How the Achievement Gap Has Cost Pennsylvania Billions of Dollars

Waslala Miranda |

On May 6, researchers showed how the achievement gap and underlying inequality in Pennsylvania schools held back academic and economic performance and how resolving those problems would allow us to leapfrog ahead of the rest of the nation.

During a Temple University symposium on education funding, RAND economist Lynn Karoly showed how the state would benefit if it closed the achievement gaps among racial and socioeconomic groups, as indicated by state assessment scores.  Currently, Pennsylvania suffers from achievement gaps so large that our 8th grade reading scores on the nation’s report card indicate:

  • A white-black gap that is the 6th largest among states in the nation;
  • A white-Latino gap that is the 3rd largest among states in the nation; and
  • A wealthy-poor gap that is the 17th largest among states in the nation.

However, if Pennsylvania had closed those gaps in 2003, it would be the top scorer among states and be among the top three scorers globally.  Even more importantly, Pennsylvania would have enjoyed major gains after just one year:

  PA GDP Gain from Closing Gaps in 2003 (Billions $)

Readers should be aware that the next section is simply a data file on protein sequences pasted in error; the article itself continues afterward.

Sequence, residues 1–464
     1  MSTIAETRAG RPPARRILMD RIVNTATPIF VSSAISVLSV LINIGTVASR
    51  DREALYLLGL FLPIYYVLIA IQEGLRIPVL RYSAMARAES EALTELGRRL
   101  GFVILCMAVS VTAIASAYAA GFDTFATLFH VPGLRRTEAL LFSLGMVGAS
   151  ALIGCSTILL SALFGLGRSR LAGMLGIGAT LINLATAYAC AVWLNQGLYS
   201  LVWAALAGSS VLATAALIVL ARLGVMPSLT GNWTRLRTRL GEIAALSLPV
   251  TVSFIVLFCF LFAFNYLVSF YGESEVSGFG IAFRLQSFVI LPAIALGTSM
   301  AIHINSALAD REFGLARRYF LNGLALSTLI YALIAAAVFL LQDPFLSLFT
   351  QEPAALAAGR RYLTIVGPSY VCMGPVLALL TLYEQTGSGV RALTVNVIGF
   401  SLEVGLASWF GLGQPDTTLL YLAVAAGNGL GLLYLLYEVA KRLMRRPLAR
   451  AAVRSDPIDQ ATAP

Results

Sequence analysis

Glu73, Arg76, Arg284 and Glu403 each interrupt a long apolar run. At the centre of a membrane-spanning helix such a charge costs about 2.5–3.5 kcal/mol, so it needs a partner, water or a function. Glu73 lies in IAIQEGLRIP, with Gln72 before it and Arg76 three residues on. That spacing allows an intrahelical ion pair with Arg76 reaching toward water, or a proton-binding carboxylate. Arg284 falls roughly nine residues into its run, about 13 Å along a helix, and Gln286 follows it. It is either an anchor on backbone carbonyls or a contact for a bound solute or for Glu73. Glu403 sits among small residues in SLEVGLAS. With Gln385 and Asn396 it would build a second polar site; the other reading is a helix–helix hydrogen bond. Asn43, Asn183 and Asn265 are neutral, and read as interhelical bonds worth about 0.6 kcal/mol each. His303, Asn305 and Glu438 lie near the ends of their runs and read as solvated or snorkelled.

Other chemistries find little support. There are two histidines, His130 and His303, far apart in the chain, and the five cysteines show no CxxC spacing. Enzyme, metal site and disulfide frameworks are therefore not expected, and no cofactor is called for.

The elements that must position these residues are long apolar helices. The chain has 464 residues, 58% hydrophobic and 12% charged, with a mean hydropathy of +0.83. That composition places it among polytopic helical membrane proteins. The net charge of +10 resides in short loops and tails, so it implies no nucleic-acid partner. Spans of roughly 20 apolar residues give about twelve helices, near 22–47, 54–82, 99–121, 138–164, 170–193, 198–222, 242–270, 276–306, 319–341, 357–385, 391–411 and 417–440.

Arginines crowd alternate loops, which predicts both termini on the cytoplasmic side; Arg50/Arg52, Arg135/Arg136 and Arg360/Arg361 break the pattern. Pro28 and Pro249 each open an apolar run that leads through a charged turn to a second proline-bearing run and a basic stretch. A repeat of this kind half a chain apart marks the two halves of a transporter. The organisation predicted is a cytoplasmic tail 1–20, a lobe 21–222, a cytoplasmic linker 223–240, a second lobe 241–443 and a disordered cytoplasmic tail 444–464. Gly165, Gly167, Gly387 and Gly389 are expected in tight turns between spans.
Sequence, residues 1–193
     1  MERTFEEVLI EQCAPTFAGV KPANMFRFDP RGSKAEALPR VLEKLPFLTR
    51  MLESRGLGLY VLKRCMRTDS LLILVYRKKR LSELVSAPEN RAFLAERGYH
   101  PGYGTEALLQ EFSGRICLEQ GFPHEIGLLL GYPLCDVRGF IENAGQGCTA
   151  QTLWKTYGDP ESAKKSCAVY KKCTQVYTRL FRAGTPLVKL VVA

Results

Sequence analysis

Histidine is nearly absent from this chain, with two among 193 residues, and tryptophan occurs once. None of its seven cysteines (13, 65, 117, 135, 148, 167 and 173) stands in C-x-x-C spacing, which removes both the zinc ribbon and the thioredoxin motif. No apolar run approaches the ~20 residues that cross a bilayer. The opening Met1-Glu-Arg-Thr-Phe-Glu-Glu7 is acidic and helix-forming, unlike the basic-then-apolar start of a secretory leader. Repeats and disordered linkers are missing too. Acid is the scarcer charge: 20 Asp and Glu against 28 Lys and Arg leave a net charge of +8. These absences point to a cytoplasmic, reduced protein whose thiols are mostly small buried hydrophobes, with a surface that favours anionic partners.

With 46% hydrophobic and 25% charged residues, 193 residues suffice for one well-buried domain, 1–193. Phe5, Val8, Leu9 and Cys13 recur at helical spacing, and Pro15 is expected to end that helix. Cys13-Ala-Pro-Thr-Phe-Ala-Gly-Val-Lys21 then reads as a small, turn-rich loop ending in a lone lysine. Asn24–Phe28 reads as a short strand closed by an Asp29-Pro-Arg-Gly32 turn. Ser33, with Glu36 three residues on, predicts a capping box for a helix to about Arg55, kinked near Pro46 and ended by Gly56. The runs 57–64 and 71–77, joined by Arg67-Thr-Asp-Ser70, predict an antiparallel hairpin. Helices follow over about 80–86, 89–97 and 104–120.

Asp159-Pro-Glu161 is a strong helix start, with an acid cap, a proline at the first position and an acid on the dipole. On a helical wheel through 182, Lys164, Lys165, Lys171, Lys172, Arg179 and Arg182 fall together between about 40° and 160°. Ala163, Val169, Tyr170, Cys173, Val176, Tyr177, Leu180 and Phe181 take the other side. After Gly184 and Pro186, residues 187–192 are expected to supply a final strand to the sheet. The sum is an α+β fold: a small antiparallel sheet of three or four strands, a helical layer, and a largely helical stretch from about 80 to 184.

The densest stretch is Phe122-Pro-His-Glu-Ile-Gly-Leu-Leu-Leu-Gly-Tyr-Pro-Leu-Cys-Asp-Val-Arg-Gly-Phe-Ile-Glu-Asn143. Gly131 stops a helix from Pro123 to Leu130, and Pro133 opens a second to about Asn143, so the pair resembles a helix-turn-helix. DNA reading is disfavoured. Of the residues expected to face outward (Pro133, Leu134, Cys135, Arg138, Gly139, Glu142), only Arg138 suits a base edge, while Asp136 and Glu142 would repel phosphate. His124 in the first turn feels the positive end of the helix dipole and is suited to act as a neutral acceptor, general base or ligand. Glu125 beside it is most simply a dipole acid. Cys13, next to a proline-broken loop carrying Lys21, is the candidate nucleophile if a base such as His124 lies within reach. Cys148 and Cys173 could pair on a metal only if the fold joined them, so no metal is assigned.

Gap Closed Gain After First Year (2004) Gain After 10 Years (2013)
Race-Ethnic $0.9 – $2.0

(0.2% – 0.4%)

$12.4 – $27.4

(1.9% – 4.2%)

Economic Status $1.6 – $3.1

(0.3% – 0.6%)

$21.8 – $43.5

(3.4% – 6.7%)

Parent Education $1.5 – $2.6

(0.3% – 0.5%)

$20.3 – $35.4

(3.1% – 5.5%)

Closing the race-ethnic gap in 2003 would have resulted in $1.25 – $2.89 billion, or about 6-15%, more in earnings in 2014.  If all the achievement gaps had been closed in 2003, our state economy last year would have grown by an additional 2% – 7%, or by $12-$44 billion.[1]

Remember that figure when anyone says pushing for policies that help all children have a fair chance in life, especially in the classroom, is just “throwing money at the problem.”  We are also paying the price of not adequately investing in a fair and equitable education system through lower test scores and the worst funding inequality in the nation between the wealthiest and poorest school districts.  Certainly, the price tag of more equitable policies would not have been small, but it’s difficult to believe they would have cost the dozens of billions of dollars that failing to invest in such policies have already cost us.

[1] Lynn A. Karoly, “Economic Impact of Achievement Gaps in Pennsylvania’s Public Schools,” (presentation, Beyond a New School Funding Formula: Lifting Student Achievement to Grow Pennsylvania’s Economy, Harrisburg, PA, May 6, 2015).